Why are IT security companies still selling on fear?
It’s the question I must keep asking myself every time I check my LinkedIn and see it filled up with IT security companies over hyping fear around security breaches, compliance failures and the latest fines. Last week was a prime example. The NHS was hit by a Ransomware virus and immediately LinkedIn is full of security specialists telling you how their products can help save you from such attacks. Then we have the GDPR brigade just talking about the fines of £16million and how their software can make you GDPR compliant.
Is it me alone that thinks that this is just lazy sales people trying to sell on fear?!
I was a techie before I moved to the “dark side” of sales but I pride myself on listening to a client’s needs and then seeing if I can find a solution that addresses their needs and helps their business, not ramming fear down their throats and telling them that if they don’t do this and buy that then they still get breached or fined.
That’s what being a proper sales professional is about but the IT security industry seems to lack consultative solution sales people in my humble opinion. It’s also interesting to see the amount of misinformation that these people disseminate into the industry. I am not tarring all IT security sales people with the same brush, and there are some excellent people in the market but a large number are damaging the reputation of those who are doing the right things by their clients.
I completely agree that awareness of cyber threats and the repercussions of “doing nothing” is important but it’s the way that you go about it that builds trust and credibility. There isn’t a solution in the market that ticks all the security boxes and is the silver bullet fix. Nor will any vendor guarantee you that you will not have a security breach. Everyone knows it will happen at some point and the key is ensuring that clients have firstly understood and documented the perceived risks to their business, having taken reasonable steps to address, mitigate or accept those risks, and have a good process to respond to a potential security breach.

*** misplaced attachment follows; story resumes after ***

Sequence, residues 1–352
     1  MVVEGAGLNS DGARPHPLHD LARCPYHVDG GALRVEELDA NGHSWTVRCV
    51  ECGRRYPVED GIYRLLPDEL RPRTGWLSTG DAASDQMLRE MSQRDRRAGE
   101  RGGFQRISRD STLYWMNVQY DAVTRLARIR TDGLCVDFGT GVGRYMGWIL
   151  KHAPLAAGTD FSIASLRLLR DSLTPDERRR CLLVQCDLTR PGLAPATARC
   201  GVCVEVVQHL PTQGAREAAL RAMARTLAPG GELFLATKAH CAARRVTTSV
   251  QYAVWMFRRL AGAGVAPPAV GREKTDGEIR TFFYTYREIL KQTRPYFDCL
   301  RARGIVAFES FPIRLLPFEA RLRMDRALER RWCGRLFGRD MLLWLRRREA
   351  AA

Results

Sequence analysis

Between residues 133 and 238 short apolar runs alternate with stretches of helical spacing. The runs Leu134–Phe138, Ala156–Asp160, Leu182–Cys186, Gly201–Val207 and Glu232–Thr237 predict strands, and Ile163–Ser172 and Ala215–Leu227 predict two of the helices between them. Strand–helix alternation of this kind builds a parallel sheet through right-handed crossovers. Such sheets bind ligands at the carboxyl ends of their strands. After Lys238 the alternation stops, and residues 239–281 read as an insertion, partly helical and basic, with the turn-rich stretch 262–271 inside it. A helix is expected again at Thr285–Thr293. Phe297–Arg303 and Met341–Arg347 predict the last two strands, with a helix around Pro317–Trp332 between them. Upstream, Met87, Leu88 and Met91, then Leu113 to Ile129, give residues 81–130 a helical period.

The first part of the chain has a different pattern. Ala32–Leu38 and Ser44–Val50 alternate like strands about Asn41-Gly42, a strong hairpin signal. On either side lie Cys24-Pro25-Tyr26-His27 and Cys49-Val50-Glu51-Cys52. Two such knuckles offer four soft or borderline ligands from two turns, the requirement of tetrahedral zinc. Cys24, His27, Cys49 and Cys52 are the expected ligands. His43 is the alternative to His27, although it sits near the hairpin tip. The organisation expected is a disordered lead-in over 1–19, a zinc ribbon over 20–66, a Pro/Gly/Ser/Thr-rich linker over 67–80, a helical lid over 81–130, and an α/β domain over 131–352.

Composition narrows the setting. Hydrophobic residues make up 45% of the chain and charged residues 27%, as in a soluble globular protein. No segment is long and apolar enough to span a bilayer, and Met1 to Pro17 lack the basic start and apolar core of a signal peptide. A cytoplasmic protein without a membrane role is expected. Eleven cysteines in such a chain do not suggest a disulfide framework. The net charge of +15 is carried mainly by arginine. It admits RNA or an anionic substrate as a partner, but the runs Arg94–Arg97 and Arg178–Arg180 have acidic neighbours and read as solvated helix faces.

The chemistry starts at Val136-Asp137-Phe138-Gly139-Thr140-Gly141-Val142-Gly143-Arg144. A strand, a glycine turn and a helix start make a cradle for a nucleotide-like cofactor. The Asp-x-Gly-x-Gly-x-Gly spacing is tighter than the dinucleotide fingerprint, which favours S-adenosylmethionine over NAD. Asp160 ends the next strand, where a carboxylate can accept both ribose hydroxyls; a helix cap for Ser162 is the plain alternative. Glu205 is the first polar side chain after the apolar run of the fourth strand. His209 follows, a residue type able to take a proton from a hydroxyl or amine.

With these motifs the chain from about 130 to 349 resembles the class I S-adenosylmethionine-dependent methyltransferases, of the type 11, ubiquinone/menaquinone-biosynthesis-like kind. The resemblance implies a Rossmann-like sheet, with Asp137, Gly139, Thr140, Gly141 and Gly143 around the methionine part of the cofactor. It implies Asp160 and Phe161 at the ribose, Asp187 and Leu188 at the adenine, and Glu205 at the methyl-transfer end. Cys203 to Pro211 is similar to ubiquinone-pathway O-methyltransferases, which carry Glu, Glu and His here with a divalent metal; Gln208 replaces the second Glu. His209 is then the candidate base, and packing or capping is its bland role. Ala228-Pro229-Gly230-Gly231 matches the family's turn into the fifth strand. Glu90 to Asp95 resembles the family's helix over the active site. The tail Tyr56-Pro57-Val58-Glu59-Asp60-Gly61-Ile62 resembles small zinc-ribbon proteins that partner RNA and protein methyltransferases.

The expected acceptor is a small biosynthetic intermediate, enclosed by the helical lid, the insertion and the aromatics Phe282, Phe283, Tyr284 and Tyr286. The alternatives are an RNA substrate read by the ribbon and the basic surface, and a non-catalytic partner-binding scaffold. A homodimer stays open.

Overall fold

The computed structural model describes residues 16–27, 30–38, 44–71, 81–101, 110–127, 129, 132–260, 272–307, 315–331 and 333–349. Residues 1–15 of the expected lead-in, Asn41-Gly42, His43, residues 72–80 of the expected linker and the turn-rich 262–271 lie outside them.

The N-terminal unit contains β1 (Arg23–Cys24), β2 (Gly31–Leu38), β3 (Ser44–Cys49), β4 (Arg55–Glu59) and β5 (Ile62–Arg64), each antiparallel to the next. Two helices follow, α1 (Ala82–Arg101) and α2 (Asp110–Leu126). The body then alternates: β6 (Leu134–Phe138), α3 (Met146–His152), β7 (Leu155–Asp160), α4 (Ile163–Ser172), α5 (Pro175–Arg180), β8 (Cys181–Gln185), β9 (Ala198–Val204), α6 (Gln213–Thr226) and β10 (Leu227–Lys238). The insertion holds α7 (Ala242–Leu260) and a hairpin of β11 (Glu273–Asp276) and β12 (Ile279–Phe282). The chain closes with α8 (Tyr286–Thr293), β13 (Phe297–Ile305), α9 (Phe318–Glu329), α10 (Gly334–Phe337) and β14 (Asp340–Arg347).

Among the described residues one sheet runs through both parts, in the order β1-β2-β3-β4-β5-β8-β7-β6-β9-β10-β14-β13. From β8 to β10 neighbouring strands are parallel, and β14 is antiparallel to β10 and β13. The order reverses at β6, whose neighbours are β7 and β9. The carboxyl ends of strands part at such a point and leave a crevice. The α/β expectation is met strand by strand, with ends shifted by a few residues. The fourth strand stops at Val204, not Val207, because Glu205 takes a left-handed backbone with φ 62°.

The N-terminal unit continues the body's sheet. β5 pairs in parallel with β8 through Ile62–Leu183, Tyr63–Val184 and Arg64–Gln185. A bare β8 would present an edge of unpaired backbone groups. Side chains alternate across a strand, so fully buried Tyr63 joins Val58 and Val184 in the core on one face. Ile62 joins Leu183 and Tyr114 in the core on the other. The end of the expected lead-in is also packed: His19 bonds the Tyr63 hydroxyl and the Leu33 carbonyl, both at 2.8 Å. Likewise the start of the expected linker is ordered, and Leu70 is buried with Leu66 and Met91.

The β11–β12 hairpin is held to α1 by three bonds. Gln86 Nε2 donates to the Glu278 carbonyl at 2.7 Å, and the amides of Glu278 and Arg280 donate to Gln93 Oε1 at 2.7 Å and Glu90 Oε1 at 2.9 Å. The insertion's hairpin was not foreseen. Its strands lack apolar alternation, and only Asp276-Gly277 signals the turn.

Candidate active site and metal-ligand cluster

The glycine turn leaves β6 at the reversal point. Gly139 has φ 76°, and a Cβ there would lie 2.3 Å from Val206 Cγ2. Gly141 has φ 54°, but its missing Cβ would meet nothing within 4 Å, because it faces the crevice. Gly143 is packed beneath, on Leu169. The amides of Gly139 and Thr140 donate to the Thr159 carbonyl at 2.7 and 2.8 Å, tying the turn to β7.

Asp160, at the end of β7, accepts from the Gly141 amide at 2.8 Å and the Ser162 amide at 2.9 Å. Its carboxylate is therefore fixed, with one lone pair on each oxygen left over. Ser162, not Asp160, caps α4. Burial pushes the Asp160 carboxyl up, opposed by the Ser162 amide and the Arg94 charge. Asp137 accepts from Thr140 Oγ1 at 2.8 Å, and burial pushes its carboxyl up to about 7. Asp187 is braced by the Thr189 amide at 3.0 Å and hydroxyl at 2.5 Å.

This is a “continual security improvement plan” which is regularly reviewed, updated, enhanced and tested. Absolutely there are technologies which will reduce and eliminate certain risks, vendors and sales people need to understand those use cases and sell on the value it brings to a client and how it forms part of a much larger picture rather than being blinkered and trying to sell on a point solution.
What can we learn?
The cryptolocker virus that hit the NHS and many other businesses was nothing new really. We see viruses of this nature every day in slightly different forms. The difference with this virus was that it hit critical infrastructure, the media grabbed hold of it and then so did the sales and marketing departments of the security industry. Panic seemed to creep in across the IT world. “Have we patched this?”, “Have we tested this?”, “What is the potential risk if it hits us?” etc. etc.
The truth was that many businesses were already adequately protected from this virus and had solid processes in place to ensure that they were patched. There were also many businesses, that already had a risk register, who had a patching strategy and who had a plan to deal with such cyber incidents. It was those clients who had good sales people advising them.
“Awareness about IT security is very important but exploiting fear is not clever marketing or selling. So, to all those still using the NHS story or GDPR fines, please give it a rest and start engaging with your clients so we can provide solid advice and solutions that will help them. You do the rest of us a bad service!”
Stuart GristSales Director, Metaphor IT
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